Garden Fertilizers and Feeding

A fertilizer adds one or more essential plant nutrients to the soil. Unlike soil amendments, which add bulk to improve the physical structure of soil, they are both more concentrated and simpler chemically. Manufacturers often confuse gardeners by using general terms such as ‘feeding the soil’ and ‘enrichment’ for both products but their roles are quite separate. Whereas soil amendments are added in generous amounts before, at or after planting and precise quantities are not too critical, fertilizers should be added more carefully. Apply too little fertilizer and the objective will not be achieved; apply too much and this can adversely affect plant growth or even have an environmental impact, for example, by permitting excess nitrogen to leach into water courses. For optimum results, fertilizer should always be added at the rates and at the times recommended on the packaging.

Why plants need feeding

Although plants manufacture organic nutrients within their green tissues by photo-synthesis, they obtain virtually all their mineral nutrient requirements from the soil. In a natural habitat, where native plants grow at natural spacings and aren’t interfered with or removed from the site when they mature or die, a nutritional balance is maintained. Sufficient nutrient is returned to the soil through the decomposition of dead plants to satisfy the needs of those still growing. This is far from the case in gardens, especially in vegetable gardens and annual beds, where we grow largely non-native plants, grow them in unnatural ways (confined in containers for example), grow them much closer together than actually happens in nature, remove them at the end of the season and replant the same site very soon afterwards. Without the use of supplementary feeding, the plants would fail far short of our needs and expectations.

Plant nutrients

roses benefit from being fertilized twice a yearThere are three major elements needed by plants: nitrogen, phosphorus (generally referred to as phosphate) and potassium (generally referred to as potash). Of these, Nitrogen is most likely to be in short supply at any time as it is easily washed out of soils by rain, especially during the winter. In addition, there are minor elements – calcium, magnesium and sulphur — which are also important but needed in smaller quantities. Finally, there are elements needed in extremely small amounts, referred to as trace elements. These are iron, manganese, boron, copper, molybdenum, zinc, sodium and chlorine. Most British soils contain adequate supplies of minor and trace elements, even for the added demands of garden plants, so the majority of garden fertilizers are blended to supply the three major nutrients, particularly nitrogen.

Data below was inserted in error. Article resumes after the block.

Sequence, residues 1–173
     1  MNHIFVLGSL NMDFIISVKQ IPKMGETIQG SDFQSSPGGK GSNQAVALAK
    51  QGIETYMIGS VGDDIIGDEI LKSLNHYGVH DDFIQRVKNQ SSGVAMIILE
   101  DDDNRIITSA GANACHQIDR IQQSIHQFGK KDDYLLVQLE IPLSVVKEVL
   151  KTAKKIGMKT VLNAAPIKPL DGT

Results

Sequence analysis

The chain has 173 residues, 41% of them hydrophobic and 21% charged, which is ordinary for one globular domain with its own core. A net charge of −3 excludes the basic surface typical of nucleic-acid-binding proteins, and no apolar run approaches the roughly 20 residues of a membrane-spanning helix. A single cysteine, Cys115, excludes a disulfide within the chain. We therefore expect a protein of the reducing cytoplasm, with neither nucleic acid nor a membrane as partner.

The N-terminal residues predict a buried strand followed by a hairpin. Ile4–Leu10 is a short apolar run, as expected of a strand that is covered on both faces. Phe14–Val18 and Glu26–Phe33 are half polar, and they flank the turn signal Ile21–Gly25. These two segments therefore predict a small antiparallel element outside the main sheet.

Main types of garden fertilizer

Although it is possible to supply one or two elements at a time by the use of so-called straight fertilizers like potassium sulphate, most gardeners find it easier to use compound mixtures.

Major elements and their role in plant growth

major elements and their role in plant growth

These are balanced blends of different chemicals, formulated principally on the basis of plant’s nitrogen requirements, with the amounts of phosphorus and potassium balanced accordingly. Fertilizer packaging is required by law to state the proportions by weight of the three major plant nutrients in a formula usually expressed as N:P:K. It is important to remember, however, that these are relative proportions, not the absolute amounts. A fertilizer with an N:P:K content of 3:3:5, for instance, is relatively just as potassium rich as one of 6:6:10.

Recommended essential garden fertilizers

1. A balanced general purpose solid fertilizer

This type of fertilizer is particularly valuable for use among vegetables and other plants at or just before the start of the growing season. The commonest artificial blend available in the UK is the granular mixture called Crow more which contains N:P:K at 7:7:7.

The principal organically based compound fertilizer is fish, blood and bone, a blend of dried blood, finely ground bone meal and sulphate of potash (not, of course, organic). Like all organically based fertilisers, its composition is variable but is approximately 5.1:5.:6.5. The nitrogen from the dried blood tends to be more slowly available than that from the ammonium sulphate in artificial mixtures and the phosphorus is released more slowly from the bone meal.

2. A general purpose liquid fertiliser, relatively high in potassium

A fertilizer of this type should be the main-stay of most gardeners fertilizer usage during the height of the season. There are several branded liquid products of this nature, varying in their relative nutrient contents and most containing additional minor and trace elements, since they tend to be used extensively for plants growing in soilless composts. The concentrated liquid tomato fertilizers, for instance, generally with a composition of around 5:5:9 derived from inorganic components, are of this type. Most of the soluble fertilizers purchased in the form of powders or crystals also fall into this category, having nutrient ratios of about 15:5:20.